News & Events
- President Steve Hirsch discusses water quality at FSR
- Making Our Voices Heard on ‘The Hill’
- A closer connection to food
- American Farm Bureau leaders visit Ohio
- Nationwide News: Metal theft prevention for home and business
Member of the News Media?
Reporters, please visit our news room located in the Media and Publications section of this site.
During the Vice Presidentâ€™s lunch at the Farm Science Review on Tuesday, September 16, Dean Bruce McPheron described the Field to Faucet initiative as an end-to-end solution.
â€śSome of the things will be short term wins, some of them we know will be longer term wins,â€ť said McPheron. â€śBut we have to be working on them today.â€ť
WAUSEON, Ohio â€” The rules are changing on how Ohioâ€™s farmers can apply fertilizer to their fields â€” and many farmers are OK with that.
The Ohio Farmers Union will bring together scientists and agricultural experts in late September in a forum on seeking solutions for the annual algal blooms in the western basin of Lake Erie. OFU President Joe Logan said itâ€™s important for farmers to acknowledge their part in Lake Erieâ€™s woes.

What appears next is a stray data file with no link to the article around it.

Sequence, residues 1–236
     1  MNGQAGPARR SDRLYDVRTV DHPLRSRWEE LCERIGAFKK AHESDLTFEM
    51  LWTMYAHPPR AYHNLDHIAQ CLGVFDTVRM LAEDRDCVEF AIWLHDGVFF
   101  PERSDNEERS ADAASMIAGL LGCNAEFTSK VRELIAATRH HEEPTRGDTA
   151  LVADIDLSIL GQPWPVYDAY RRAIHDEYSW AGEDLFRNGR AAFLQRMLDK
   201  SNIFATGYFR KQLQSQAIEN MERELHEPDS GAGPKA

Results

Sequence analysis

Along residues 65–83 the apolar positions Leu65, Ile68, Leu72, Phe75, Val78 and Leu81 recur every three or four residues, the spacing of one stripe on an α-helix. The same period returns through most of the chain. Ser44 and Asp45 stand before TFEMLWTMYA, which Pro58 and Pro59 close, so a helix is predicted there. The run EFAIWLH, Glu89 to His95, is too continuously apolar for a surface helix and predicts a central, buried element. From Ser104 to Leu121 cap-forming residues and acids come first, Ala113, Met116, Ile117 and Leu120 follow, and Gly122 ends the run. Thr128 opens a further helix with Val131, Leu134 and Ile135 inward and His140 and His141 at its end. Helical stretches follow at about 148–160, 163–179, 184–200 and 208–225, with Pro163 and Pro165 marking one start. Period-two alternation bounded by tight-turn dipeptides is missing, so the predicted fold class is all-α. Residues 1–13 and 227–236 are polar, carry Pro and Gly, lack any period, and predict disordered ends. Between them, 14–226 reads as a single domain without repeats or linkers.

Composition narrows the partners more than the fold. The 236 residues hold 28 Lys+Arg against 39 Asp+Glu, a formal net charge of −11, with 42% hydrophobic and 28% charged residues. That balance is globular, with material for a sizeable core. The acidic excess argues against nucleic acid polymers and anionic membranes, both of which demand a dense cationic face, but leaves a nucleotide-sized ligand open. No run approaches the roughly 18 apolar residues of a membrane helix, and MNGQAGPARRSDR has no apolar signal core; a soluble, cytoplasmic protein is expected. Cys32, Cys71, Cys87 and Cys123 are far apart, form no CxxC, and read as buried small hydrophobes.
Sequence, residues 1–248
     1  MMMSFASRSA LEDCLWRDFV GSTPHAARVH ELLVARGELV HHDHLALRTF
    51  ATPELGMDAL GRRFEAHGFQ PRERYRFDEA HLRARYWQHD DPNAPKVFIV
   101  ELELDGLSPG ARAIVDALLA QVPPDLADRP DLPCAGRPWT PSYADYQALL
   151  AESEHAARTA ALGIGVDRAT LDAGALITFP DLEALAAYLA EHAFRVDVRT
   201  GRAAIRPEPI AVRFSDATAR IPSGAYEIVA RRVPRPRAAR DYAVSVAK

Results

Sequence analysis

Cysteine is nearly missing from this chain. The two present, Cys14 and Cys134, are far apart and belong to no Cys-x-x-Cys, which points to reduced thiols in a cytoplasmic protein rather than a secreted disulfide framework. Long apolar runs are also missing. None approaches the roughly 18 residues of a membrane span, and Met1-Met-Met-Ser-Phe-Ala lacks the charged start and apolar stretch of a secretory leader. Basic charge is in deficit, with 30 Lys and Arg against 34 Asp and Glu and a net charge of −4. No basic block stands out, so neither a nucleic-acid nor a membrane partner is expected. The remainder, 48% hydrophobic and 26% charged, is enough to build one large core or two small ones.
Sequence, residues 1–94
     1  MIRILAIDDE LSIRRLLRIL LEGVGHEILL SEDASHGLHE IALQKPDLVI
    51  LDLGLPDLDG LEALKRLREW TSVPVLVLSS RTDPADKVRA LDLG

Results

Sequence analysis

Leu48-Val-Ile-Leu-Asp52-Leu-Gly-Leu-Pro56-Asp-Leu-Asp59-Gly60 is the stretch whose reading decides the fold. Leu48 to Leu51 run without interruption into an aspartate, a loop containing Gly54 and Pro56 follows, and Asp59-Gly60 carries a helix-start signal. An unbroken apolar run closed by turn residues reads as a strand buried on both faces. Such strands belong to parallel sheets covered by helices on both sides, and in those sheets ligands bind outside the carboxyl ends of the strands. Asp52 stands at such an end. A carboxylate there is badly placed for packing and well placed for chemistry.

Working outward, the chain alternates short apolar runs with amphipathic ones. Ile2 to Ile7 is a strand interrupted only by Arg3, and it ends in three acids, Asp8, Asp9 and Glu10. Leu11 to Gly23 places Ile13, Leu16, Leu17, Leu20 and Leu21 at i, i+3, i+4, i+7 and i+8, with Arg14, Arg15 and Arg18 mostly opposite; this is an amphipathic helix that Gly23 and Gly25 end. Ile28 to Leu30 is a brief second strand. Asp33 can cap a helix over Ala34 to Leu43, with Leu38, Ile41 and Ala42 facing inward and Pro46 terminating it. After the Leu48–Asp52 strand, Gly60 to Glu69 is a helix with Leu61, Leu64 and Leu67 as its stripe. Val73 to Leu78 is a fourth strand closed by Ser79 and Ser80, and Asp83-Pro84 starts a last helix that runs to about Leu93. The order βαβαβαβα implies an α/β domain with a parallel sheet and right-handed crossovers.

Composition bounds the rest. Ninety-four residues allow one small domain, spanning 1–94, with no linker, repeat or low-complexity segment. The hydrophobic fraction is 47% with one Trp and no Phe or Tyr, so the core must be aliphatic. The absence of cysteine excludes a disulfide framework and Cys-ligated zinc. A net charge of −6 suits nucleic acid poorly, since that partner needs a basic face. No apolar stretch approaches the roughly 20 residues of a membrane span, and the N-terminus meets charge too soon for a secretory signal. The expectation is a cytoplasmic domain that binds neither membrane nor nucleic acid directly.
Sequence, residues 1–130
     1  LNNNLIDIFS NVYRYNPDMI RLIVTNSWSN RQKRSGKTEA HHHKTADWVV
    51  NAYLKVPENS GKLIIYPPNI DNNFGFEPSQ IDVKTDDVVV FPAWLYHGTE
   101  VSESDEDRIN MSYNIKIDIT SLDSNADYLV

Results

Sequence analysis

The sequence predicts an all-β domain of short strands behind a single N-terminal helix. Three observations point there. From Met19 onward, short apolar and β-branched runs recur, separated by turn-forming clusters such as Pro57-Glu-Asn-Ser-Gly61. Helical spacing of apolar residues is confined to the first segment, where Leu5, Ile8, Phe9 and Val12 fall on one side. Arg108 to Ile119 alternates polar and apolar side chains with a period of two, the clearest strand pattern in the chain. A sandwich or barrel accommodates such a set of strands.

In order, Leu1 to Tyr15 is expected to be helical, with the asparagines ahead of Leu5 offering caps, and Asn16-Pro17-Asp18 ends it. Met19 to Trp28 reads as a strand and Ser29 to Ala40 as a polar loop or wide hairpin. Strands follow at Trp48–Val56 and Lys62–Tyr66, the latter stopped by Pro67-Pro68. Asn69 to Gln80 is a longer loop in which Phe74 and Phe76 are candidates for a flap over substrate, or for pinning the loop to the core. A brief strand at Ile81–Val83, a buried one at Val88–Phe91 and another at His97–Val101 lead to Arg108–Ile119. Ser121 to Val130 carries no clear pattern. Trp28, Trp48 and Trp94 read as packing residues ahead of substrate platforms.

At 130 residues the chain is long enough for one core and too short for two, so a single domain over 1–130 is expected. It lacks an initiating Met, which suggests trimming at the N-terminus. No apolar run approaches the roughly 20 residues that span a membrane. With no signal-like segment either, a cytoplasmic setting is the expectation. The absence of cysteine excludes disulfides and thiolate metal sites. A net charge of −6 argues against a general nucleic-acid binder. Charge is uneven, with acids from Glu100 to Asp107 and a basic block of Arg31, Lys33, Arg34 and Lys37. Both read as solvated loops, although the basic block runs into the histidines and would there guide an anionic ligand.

Henry County grain farmer Todd Hesterman is one of several who have opened their farms to on-farm research. At the end of one of his soybean fields are two water monitoring stations that measure tile flow, and automatically collect samples for nutrient analysis.
Kok said the focus should be â€śqualityâ€ť no-till, which means using cover crops, buffer strips, crop rotation and paying attention to detail.
Farmers in 22 northeastern and southern Ohio counties who suffered losses as a result of freezing weather between Jan. 1 and April 17 are eligible for help from the federal government.
This yearâ€™s winners, representing the five soil and water conservation districts in the state, were Gerald and Cheryl Whipple of Ottawa County; Steve and Beth Fulton of Medina County; Casey Clemens of Morgan County; Bruce and Carol Goodwin of Warren County; and Karl and Kevin Elder of Fairfield County.
OHIO â€” After requesting $18 million from the Agricultural Conservation Easement Program, Ohio landowners and farmland protection organizations received $8.3 million in funding.
Ohio AgrAbility conducts on-site assessments for the worker to determine how he or she performs their job and helps find solutions that will meet their needs. Often those solutions involve some form of assistive technology
hey simulated the impact of climate change on agricultural production over the course of the 21st century and found that two-thirds of all land potentially suitable for agricultural use is already under cultivation.